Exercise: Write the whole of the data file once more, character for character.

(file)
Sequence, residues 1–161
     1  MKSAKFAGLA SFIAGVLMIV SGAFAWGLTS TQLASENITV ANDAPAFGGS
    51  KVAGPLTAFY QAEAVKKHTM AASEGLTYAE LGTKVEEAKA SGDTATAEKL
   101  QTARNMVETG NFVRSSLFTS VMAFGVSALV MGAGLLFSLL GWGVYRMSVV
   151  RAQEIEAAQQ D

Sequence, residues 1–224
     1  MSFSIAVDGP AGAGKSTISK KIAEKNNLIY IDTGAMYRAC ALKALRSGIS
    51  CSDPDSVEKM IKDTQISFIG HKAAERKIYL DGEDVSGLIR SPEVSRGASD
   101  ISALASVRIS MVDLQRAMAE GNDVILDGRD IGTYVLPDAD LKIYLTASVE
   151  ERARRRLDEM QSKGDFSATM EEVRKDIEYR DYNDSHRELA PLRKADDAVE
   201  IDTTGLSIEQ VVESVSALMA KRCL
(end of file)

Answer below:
Sequence, residues 1–161
     1  MKSAKFAGLA SFIAGVLMIV SGAFAWGLTS TQLASENITV ANDAPAFGGS
    51  KVAGPLTAFY QAEAVKKHTM AASEGLTYAE LGTKVEEAKA SGDTATAEKL
   101  QTARNMVETG NFVRSSLFTS VMAFGVSALV MGAGLLFSLL GWGVYRMSVV
   151  RAQEIEAAQQ D

Sequence, residues 1–224
     1  MSFSIAVDGP AGAGKSTISK KIAEKNNLIY IDTGAMYRAC ALKALRSGIS
    51  CSDPDSVEKM IKDTQISFIG HKAAERKIYL DGEDVSGLIR SPEVSRGASD
   101  ISALASVRIS MVDLQRAMAE GNDVILDGRD IGTYVLPDAD LKIYLTASVE
   151  ERARRRLDEM QSKGDFSATM EEVRKDIEYR DYNDSHRELA PLRKADDAVE
   201  IDTTGLSIEQ VVESVSALMA KRCL